The potential downsides I can see are:
1) Each barrel added will cool your exhaust a bit. Add enough, and at some point you won't have enough draw to pump the exhaust outside reliably.
2) A rocket mass heater working properly burns hot enough to consume things like creosote and tar. A wood stove isn't made to do that. So that stuff will leave your stove in the exhaust. The crazy amount of waste heat going up the chimney probably pushes most of it outside, preventing it from becoming a fire hazard. Cooling the exhaust, and letting it slow down by going through different sized chambers, sending it around turns and running it along curved surfaces that might cause pressure differentials seems like a recipe to deposit those things into the barrel(s). To be comfortable with the plan, I'd want to know what kind of fire hazard that stuff poses, my options for getting it out of the system, and what to do with it once I had it out.
Thanks for the direction. I started reading THE BOOK and understand a little bit more the issue. The batch system might be a little more my speed. I have a wood frame house that will need additional support. Also on the Permie/Bezos scale, I am more of a moderate leaning to permie so I need something a little more formal looking. I understand many of the designs I saw are test versions but to get this in the door I will need to work on aesthetics to fit in the more suburban southern New Hampshire style. It's not just an aesthetic issue but a real estate resale issue as well. Are there any New Hampshire members out here with an RMH I can visit? I did not see a way to search for that.
Is that Permie/Bezos scale really a thing? If not it should be.
I placed a small 15 gallon metal barrel heat exchanger horizontally in the flue above my sheepherder stove. The flue gas swirls around inside then out the shed wall then up the vertical chimney. I don’t go down just horizontal. It’s somewhat similar to the double barrel stove pictured in this thread but smaller and a modified sheepherder stove underneath ( I can cook on it). The 15 gallon barrel heat exchanger has a clamp on metal lid so I can look inside and clean it. It emits a surprising amount of heat (too much then not enough). It is no rocket stove which produce nice steady heat. There is a hot air collection hood over the 15 gallon barrel with a 4” duct and 4” inline blower that blows hot air into my Motorhome. It works but a lot of heat goes out the chimney. It’s my emergency backup heat source. I’m still running on propane until I build my school bus which will have a double shoebox rocket cookstove water heater.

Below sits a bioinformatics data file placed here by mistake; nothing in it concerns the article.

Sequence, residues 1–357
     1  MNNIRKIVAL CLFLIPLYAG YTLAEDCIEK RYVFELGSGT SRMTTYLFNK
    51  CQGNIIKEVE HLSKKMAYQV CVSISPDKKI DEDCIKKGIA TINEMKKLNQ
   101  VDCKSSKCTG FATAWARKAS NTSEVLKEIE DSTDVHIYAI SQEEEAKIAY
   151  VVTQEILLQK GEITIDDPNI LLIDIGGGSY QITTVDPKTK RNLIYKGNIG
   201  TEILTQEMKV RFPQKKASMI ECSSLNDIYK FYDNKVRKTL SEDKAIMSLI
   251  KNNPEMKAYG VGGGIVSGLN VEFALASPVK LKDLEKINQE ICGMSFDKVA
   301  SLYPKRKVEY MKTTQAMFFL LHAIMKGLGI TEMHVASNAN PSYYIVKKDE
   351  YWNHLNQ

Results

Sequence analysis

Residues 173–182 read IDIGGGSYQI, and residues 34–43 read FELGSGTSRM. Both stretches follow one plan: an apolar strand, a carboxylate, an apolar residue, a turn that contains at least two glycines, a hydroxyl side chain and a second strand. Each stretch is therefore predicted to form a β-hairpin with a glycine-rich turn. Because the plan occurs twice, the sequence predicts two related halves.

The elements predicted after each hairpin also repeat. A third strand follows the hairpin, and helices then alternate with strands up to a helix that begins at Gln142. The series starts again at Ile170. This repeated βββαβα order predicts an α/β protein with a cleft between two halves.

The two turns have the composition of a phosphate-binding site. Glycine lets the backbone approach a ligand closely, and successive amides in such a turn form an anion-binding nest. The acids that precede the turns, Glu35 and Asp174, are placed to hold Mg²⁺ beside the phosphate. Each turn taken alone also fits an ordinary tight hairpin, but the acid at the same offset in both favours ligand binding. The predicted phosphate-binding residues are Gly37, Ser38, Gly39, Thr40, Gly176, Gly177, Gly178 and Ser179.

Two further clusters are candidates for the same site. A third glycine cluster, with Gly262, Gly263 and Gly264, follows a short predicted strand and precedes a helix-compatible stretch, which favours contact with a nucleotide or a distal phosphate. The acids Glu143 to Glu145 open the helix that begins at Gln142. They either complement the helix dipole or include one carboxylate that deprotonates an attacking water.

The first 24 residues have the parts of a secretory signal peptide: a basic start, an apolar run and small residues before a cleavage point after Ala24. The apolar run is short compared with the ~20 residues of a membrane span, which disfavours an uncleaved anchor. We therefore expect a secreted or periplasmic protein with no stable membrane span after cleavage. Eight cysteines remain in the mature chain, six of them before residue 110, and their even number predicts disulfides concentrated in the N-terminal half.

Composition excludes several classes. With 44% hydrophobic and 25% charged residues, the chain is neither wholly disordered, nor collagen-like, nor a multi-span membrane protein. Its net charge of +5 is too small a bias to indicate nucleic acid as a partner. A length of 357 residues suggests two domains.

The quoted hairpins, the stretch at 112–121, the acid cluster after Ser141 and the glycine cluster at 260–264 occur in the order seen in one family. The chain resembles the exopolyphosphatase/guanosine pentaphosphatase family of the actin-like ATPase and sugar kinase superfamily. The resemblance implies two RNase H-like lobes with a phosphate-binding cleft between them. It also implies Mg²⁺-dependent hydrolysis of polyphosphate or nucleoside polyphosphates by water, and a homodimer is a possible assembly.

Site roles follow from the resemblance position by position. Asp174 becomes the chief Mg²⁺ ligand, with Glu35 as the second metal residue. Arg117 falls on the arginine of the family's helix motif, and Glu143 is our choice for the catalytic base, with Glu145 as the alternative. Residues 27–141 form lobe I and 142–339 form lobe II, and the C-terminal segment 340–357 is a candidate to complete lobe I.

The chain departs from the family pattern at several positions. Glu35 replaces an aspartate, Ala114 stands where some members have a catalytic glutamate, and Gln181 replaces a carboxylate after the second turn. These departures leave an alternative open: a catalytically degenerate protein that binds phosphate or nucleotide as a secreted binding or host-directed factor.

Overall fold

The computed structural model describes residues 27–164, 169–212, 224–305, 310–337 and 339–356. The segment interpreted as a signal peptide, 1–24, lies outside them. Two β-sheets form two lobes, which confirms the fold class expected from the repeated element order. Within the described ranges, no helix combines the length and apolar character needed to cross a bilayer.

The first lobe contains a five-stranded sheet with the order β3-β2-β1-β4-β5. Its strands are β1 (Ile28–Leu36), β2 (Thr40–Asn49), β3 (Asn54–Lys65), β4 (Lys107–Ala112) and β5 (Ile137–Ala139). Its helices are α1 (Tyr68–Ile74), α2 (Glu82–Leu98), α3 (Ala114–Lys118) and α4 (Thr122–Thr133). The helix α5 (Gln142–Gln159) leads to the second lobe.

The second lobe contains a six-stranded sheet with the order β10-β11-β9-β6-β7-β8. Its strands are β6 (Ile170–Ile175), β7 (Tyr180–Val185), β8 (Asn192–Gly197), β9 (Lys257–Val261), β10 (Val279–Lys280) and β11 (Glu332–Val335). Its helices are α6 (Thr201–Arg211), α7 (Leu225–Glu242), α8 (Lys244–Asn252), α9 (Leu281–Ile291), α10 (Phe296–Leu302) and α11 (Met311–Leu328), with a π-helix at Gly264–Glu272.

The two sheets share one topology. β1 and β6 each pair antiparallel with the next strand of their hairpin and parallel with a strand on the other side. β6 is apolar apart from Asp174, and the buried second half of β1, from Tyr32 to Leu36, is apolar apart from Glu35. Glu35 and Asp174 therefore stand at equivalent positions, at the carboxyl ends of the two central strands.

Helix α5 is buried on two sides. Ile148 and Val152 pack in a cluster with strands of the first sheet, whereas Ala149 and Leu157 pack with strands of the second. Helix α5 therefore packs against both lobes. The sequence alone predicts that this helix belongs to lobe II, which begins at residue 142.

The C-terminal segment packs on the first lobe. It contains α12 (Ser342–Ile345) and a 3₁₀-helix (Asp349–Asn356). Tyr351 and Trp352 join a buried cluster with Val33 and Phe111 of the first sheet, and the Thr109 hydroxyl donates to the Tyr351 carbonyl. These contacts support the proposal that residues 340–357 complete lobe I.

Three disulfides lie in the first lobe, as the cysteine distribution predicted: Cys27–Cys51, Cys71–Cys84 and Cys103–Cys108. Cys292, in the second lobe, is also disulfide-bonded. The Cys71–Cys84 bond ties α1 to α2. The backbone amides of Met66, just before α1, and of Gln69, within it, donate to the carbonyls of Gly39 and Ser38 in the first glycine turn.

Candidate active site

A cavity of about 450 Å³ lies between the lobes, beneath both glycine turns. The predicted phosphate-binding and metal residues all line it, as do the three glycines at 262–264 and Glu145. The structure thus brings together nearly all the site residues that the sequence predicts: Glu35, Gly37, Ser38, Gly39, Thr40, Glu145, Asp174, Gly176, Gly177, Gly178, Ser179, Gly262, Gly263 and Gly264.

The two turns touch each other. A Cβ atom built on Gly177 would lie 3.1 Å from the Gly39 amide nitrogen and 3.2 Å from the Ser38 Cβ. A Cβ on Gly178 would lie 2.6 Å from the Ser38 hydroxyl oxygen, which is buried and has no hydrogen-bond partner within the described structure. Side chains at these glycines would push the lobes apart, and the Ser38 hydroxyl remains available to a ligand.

I haven’t used my stove enough to see how much dangerous creosote is produced. Pallet wood burns fairly hot in it and I don’t damp the stove down. Smoldering wood stoves are notorious for creosote but I personally have not seen a chimney fire from a conventional stove that is burned hot. Has anyone seen that happen??
Here. Have a potato. I grew it in my armpit. And from my other armpit, this tiny ad: